Joshua R. Floum

Proposal 1, to elect the 10 directors nominated by our Board of Directors and named in our proxy statement. The nominees are: Gary P. Coughlin, Mary B. Cranston, Francisco Javier Fernández Carbajal, Robert W. Matschullat, Cathy E. Minehan, Suzanne Nora Johnson, David J. Pang, Joseph W. Saunders, William S. Shanahan and John A Swainson. Each director elected today will hold office until our 2013 Annual Meeting of Stockholders or until his or her successor is duly elected and qualified. Biographies of each of these nominees are included in the proxy statement provided to stockholders in advance of this meeting.

Proposal 2, to approve on an advisory basis the compensation of our named executive officers.

Proposal 3, to approve the Visa, Inc. 2007 equity incentive compensation plan as amended and restated.

Proposal 4, to ratify the appointment of KPMG LLP as our independent registered public accounting firm for our fiscal year 2012.

Each of these proposals was described in detail in the proxy statement, which also included the Board of Directors’ recommendation on how to vote on each of these matters.

Joseph W. Saunders

Does anyone have a comment on any of the proposals just presented? Your comments at this time should be limited to the proposals presented.

There being no discussion on the subject of these proposals — there being no further discussion on the subject to these proposals, let’s proceed to the ballot and the adoption of proposals 1, 2, 3 and 4.

If you are voting by ballot, please raise your hand, so we may collect your ballot at this time.


Okay. We now have all the ballots. And since all of those desiring to vote by ballot have done so, it is 8:38 a.m., and I declare the polls closed. The ballots and proxies will be held by the inspector of election, who will count the votes and return the preliminary results to the secretary.

Andrew Wilcox

Mr. Chairman, the ballots and the proxies have been counted.

Joseph W. Saunders

Thank you. Will the secretary please report the preliminary voting results on the proposals?

Joshua R. Floum

Yes, the preliminary results from the inspector of elections indicates that the ballots and proxies with respect to proposal 1 have been counted, and the 10 persons nominated each have received the majority of the votes cast for his or her election as a director. Accordingly, these individuals have each been elected to serve as directors for 1-year term expiring on the date of our 2013 Annual Meeting or until his or her successor is duly elected and qualified.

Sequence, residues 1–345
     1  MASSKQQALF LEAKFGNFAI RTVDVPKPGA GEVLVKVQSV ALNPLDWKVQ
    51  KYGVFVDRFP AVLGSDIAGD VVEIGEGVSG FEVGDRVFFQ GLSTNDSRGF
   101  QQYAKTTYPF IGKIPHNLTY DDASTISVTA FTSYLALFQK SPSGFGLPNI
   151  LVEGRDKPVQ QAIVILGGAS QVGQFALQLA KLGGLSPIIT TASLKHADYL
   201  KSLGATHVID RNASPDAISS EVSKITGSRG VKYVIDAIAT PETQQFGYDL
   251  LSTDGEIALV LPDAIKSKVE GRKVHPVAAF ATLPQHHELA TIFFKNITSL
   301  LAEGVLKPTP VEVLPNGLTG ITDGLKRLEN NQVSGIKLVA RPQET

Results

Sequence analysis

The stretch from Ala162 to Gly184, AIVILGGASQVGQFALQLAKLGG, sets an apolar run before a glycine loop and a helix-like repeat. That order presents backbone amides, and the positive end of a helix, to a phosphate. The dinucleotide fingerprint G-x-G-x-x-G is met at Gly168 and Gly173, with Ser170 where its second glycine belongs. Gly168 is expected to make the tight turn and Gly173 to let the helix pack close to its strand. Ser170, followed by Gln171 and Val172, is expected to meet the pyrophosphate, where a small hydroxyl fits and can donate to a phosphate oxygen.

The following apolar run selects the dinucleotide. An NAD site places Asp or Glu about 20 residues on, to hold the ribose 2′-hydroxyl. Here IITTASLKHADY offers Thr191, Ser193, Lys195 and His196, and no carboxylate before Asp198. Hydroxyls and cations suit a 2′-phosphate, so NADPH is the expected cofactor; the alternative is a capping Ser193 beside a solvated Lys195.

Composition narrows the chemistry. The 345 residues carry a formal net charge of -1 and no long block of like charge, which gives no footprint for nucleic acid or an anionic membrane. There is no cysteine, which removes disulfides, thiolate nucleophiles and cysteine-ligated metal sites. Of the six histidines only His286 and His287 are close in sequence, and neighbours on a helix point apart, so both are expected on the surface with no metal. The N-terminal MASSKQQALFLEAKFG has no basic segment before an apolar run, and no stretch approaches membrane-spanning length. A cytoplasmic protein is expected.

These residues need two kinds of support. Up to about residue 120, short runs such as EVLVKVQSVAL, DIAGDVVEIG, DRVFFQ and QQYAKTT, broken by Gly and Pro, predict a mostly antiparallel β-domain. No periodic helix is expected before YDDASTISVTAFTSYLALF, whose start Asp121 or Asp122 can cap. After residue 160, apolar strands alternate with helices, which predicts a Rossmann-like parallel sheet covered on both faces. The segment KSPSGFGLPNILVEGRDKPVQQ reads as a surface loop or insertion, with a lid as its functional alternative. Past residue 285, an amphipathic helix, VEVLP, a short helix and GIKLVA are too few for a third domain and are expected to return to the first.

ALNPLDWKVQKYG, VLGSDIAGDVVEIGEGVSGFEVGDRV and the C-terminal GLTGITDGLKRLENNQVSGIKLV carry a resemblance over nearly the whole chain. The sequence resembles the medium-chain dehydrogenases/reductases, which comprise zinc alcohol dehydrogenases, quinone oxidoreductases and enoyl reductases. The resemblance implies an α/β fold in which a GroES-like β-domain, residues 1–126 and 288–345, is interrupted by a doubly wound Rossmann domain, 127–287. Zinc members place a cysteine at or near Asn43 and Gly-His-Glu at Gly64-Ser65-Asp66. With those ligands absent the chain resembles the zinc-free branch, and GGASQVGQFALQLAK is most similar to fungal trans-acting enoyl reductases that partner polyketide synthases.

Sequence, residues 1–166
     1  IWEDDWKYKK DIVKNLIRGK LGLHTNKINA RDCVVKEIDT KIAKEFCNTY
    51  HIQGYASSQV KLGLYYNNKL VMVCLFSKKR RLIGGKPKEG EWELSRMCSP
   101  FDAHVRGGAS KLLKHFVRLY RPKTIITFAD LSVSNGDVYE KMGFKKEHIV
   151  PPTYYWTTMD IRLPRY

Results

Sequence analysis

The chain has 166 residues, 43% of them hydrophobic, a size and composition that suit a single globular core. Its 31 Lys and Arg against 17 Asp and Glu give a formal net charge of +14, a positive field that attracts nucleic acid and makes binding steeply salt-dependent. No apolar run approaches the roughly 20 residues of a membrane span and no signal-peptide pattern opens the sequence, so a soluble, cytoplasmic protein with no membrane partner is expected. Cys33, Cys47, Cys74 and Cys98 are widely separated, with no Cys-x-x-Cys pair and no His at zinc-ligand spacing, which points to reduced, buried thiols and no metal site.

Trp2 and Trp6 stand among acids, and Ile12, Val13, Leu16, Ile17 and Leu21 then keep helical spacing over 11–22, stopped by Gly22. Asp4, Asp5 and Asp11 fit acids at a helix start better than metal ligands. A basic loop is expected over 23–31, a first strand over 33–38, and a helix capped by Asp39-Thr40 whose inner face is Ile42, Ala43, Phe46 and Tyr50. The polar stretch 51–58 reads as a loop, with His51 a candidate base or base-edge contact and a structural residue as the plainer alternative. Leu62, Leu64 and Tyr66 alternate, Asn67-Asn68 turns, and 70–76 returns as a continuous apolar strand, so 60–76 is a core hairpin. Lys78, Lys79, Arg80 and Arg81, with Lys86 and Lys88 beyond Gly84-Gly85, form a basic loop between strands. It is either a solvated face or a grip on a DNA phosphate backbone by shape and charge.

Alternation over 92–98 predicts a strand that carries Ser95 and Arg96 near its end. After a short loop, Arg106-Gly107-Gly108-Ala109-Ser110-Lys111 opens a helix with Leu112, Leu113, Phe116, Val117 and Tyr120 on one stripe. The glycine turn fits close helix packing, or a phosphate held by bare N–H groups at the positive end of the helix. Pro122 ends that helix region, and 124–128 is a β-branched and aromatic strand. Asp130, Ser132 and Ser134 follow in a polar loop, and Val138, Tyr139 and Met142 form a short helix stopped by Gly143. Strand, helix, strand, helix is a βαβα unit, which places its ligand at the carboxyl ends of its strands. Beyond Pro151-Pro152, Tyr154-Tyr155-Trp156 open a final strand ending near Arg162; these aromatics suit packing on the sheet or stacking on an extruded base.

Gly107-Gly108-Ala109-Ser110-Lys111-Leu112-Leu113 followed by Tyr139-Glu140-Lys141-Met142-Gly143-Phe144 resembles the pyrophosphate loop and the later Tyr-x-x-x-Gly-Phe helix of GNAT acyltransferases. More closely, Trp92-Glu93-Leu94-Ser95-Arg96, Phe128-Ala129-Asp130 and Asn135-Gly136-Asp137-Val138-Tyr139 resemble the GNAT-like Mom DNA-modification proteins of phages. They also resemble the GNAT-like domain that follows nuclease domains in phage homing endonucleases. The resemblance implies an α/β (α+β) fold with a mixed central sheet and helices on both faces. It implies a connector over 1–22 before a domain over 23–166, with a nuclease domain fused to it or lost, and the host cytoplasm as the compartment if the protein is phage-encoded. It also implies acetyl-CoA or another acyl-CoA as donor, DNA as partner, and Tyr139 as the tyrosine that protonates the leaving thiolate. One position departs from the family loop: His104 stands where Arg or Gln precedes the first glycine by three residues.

The ballots and proxies with respect to proposal 2 have been counted, and the majority of the shares of Class A common stock entitled to vote and represented at this meeting in person or by proxy have been cast in favor of the advisory vote on executive compensation.

The ballots and proxies with respect to proposal 3 have been counted, and a majority of the shares of the Class A common stock entitled to vote and represented at this meeting in person or by proxy, and have been cast in favor of the approval of the Visa Inc. 2007 equity incentive compensation plan as amended and restated.

Finally, the ballots and proxies with respect to proposal 4 have been counted, and the majority of the shares of Class A common stock entitled to vote and represented at this meeting in person or by proxy, and have been cast in favor of the ratification of the appointment of KPMG LLP as our independent registered public accounting firm for our fiscal year 2012.

The inspector of election will make and certify a final report of the vote along with a number of abstentions within the next few days. That report will become part of the record of this meeting, and we do not expect it to affect the preliminary results announced today. We will file the current report on a Form 8-K with the Securities and Exchange Commission detailing the final results of the vote within 4 business days after today’s meeting.

Joseph W. Saunders

Thank you, Josh. Based on the results, I’m pleased to announce each of the 10 director nominees has been elected. Our executive compensation has been approved on an advisory basis. The Visa, Inc. 2007 equity incentive compensation plan, as amended and restated, has been approved; and the appointments of KPMG LLP as our independent registered public accounting firm for fiscal year 2012 has been ratified.